Role of confirmed and potential predictors of an unfavorable outcome in heart failure in everyday clinical practice.

Chuda A; Banach M; Maciejewski M; Bielecka-Dabrowa A;

Irish journal of medical science [Ir J Med Sci] 2021 Feb 17. Date of Electronic Publication: 2021 Feb 17.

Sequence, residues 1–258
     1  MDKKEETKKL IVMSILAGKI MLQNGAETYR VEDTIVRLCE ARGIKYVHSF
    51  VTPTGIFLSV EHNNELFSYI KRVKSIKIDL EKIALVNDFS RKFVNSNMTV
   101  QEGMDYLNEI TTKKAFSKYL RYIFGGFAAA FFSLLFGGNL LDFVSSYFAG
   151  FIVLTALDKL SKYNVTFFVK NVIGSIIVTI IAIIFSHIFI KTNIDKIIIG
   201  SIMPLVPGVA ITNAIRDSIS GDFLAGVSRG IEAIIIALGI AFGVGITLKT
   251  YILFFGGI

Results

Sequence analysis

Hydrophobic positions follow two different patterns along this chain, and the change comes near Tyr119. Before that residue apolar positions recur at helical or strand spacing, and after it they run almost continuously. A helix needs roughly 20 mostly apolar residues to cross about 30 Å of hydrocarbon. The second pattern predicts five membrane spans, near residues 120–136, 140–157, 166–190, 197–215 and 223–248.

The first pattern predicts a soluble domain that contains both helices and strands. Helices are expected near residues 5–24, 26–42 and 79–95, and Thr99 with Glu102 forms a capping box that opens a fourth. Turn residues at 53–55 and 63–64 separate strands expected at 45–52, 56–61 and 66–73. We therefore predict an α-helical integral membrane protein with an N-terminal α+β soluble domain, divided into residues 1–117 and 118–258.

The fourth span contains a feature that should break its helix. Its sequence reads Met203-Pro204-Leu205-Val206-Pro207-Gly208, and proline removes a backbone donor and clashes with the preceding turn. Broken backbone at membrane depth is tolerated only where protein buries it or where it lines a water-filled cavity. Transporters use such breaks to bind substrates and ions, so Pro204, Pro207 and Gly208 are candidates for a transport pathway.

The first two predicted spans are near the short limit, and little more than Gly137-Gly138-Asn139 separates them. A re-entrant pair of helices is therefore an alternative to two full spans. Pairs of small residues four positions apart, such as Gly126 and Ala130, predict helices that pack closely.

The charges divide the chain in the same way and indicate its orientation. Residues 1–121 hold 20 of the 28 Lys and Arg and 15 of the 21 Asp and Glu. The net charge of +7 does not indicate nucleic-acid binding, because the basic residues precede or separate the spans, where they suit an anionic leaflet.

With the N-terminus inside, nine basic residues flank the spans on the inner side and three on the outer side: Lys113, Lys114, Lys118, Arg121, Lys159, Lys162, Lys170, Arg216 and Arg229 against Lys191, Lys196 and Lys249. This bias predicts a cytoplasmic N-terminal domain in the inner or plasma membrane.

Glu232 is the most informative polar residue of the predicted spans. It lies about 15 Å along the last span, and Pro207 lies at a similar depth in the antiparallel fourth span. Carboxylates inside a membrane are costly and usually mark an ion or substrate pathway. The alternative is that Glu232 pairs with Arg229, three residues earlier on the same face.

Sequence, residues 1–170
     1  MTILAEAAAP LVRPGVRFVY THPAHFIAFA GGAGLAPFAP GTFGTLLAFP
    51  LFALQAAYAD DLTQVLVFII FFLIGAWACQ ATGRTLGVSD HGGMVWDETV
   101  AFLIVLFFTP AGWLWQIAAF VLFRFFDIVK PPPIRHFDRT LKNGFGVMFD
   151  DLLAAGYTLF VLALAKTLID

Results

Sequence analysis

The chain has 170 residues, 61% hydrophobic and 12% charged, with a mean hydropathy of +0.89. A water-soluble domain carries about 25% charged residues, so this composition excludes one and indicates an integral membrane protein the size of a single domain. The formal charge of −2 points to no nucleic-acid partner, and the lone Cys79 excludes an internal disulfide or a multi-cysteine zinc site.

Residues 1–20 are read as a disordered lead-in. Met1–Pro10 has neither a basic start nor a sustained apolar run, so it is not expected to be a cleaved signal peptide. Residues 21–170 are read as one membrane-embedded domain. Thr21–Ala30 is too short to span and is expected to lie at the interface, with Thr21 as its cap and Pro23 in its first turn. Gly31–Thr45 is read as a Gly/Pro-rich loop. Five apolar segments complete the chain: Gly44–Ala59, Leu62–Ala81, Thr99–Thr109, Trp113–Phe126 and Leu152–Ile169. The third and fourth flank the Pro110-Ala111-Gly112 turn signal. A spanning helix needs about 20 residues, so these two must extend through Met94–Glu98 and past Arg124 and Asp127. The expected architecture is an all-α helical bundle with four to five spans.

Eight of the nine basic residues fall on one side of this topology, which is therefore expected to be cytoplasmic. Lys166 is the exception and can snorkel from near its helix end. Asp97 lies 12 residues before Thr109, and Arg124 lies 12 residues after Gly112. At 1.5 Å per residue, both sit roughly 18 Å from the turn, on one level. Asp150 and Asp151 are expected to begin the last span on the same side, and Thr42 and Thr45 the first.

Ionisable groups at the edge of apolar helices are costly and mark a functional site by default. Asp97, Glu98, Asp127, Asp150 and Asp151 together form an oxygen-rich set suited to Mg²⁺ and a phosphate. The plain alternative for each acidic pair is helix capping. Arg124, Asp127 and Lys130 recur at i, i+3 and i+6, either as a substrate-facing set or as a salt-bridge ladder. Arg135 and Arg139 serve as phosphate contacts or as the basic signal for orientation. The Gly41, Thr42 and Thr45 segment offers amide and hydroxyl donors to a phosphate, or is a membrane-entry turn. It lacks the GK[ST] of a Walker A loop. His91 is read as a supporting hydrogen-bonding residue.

Heart failure (HF) is the only cardiovascular disease with an ever increasing incidence. HF, through reduced functional capacity, frequent exacerbations of disease, and repeated hospitalizations, results in poorer quality of life, decreased work productivity, and significantly increased costs of the public health system. The main challenge in the treatment of HF is the availability of reliable prognostic models that would allow patients and doctors to develop realistic expectations about the prognosis and to choose the appropriate therapy and monitoring method. At this moment, there is a lack of universal parameters or scales on the basis of which we could easily capture the moment of deterioration of HF patients’ condition. Hence, it is crucial to identify such factors which at the same time will be widely available, cheap, and easy to use. We can find many studies showing different predictors of unfavorable outcome in HF patients: thorough assessment with echocardiography imaging, exercise testing (e.g., 6-min walk test, cardiopulmonary exercise testing), and biomarkers (e.g., N-terminal pro-brain type natriuretic peptide, high-sensitivity troponin T, galectin-3, high-sensitivity C-reactive protein). Some of them are very promising, but more research is needed to create a specific panel on the basis of which we will be able to assess HF patients. At this moment despite identification of many markers of adverse outcomes, clinical decision-making in HF is still predominantly based on a few basic parameters, such as the presence of HF symptoms (NYHA class), left ventricular ejection fraction, and QRS complex duration and morphology.